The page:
Just when I thought I could continue to live my life based on my own choices, I had to go and read a blog post. Whoops. Debra Nussbaum Cohen’s piece, “Why Being ‘Childless by Choice’ Often Reflects Jewish Disengagement,” featured in the Forward’s Sisterhood Blog on August 6th, actually includes the line, “I don’t know any Jewishly engaged woman who is childless by choice.”
Speaking as the alleged rare bird in this situation, a Jewishly engaged woman who does not plan to have children (that’s right-ever), I have some thoughts as to why Nussbaum Cohen may not know women like me.
Many mainstream Jewish settings claim to be welcoming of all kinds of folks. Some of them even mean it. Still, I have yet to encounter a space where I’ve felt safe enough to profess that my version of family looks drastically different than the one presented to me by the Jewish world at large.
The Jewish community has shut the door on women who choose not to have children. Where will we fit in? How will we become real Jewish women if we insist on listening to our instincts that say motherhood is not the right decision for us, instead of caving to institutional and/or biological pressure? What will we do with our empty lives? Nussbaum Cohen’s reminder to her readers that the Torah commands us to be fruitful and multiply is a prescription: women, have babies. Don’t look to contribute to the Jewish world through your intellect, your politics, your creativity, your passion for Jewish education, etc, because the only legitimate contribution is babies. Got it? Without babies, you don’t count.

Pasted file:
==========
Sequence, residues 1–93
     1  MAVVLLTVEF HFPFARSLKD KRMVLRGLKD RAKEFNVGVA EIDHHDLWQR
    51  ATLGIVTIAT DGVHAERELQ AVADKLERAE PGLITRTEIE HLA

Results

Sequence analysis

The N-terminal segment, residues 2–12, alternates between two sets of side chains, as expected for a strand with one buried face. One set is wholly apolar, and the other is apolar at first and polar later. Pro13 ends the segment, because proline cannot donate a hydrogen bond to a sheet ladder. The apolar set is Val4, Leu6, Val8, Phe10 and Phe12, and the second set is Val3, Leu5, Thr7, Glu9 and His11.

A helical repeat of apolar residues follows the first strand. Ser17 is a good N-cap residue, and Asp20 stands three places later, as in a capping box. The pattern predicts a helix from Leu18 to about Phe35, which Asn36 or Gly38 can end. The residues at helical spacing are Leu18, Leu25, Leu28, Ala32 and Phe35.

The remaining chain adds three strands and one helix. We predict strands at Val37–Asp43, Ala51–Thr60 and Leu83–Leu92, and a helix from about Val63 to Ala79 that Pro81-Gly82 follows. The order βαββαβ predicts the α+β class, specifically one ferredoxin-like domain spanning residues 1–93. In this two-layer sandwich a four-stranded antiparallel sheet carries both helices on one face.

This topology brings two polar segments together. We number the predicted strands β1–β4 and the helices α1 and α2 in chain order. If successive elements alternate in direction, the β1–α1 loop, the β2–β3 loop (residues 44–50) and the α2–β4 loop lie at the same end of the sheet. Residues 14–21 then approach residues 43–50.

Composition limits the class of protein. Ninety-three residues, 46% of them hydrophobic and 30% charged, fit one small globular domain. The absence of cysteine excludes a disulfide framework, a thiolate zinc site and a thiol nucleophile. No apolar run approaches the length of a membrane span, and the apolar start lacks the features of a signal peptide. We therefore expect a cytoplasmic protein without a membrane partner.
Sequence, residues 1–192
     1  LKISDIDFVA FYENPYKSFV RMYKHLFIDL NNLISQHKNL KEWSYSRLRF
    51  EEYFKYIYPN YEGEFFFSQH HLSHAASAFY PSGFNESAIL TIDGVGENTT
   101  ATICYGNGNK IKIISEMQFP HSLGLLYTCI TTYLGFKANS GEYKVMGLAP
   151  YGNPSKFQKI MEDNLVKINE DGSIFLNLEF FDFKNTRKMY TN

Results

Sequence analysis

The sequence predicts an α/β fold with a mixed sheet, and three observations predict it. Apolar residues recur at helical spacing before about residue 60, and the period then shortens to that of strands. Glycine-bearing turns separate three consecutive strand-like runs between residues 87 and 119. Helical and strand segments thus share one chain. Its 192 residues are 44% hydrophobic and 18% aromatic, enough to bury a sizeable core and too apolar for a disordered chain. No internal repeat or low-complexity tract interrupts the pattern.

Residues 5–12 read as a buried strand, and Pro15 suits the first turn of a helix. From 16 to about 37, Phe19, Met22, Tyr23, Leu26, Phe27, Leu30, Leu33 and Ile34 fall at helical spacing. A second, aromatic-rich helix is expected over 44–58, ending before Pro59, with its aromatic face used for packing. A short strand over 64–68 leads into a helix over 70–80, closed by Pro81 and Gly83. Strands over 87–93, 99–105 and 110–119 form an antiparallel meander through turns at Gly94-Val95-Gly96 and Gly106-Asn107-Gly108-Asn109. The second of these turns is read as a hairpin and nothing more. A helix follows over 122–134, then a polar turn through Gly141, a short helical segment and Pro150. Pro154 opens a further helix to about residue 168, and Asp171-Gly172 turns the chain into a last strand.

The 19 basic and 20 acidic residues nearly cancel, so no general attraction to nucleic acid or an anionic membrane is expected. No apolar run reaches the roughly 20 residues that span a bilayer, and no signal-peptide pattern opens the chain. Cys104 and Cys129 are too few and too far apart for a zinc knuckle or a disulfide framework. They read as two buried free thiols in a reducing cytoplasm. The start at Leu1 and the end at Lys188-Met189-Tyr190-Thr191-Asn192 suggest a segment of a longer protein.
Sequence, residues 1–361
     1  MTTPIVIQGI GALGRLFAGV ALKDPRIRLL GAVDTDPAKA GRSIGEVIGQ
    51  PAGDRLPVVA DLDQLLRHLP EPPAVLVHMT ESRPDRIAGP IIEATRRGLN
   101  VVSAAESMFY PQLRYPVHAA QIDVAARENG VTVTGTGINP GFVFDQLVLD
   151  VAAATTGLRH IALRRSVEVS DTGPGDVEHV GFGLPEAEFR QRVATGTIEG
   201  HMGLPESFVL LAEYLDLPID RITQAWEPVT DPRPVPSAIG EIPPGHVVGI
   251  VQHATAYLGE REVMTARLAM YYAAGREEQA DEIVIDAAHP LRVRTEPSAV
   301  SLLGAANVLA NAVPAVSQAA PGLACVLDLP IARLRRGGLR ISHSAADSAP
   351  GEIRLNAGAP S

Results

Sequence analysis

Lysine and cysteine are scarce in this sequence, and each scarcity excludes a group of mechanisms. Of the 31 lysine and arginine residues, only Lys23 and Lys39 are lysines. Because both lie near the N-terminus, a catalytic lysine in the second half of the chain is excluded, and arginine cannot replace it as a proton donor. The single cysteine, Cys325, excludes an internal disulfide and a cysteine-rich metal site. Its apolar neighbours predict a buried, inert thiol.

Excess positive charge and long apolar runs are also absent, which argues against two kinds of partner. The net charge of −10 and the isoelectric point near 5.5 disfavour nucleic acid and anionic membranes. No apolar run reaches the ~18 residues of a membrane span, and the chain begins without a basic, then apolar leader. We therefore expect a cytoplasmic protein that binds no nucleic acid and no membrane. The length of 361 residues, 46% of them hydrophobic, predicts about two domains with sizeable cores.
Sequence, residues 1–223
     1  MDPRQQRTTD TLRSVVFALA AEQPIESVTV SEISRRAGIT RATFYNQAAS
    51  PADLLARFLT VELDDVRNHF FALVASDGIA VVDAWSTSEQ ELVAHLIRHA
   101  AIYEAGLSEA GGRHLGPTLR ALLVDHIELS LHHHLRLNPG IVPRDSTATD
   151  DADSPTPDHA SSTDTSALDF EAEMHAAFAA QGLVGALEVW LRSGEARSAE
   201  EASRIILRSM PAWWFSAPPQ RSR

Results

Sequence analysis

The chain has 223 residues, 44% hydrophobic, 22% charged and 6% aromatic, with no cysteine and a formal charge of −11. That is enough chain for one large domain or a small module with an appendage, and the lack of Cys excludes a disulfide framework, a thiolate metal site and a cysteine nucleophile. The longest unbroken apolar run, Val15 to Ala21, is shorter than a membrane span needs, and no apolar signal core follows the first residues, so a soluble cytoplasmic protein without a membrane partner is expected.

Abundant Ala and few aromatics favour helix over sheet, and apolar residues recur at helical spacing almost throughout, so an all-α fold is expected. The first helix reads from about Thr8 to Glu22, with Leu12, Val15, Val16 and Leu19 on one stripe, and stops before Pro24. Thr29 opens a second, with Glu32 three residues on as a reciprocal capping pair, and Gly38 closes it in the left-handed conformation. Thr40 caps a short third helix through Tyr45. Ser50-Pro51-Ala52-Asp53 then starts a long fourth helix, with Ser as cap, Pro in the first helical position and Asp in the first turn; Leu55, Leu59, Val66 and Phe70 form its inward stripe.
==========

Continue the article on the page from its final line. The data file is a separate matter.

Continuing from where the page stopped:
Women who choose a life without children are regularly made to feel uncomfortable and guilty for our decision (or circumstances, depending on your reason for being childfree), in and out of the Jewish community. Being constantly contradicted and pathologized for failing to be the “right” kind of Jewish woman is exhausting, especially when it’s the result of our own authentic choices. Therefore, we’re driven to seek out alternative communities or build our own, rather than remain in these painful, narrow spaces.
So to Debra Nussbaum Cohen, I say, thanks for judging the level of Jewish commitment of myself and many other Jewish women whom you don’t know. As it turns out, I don’t so much want to be Jewishly engaged with you.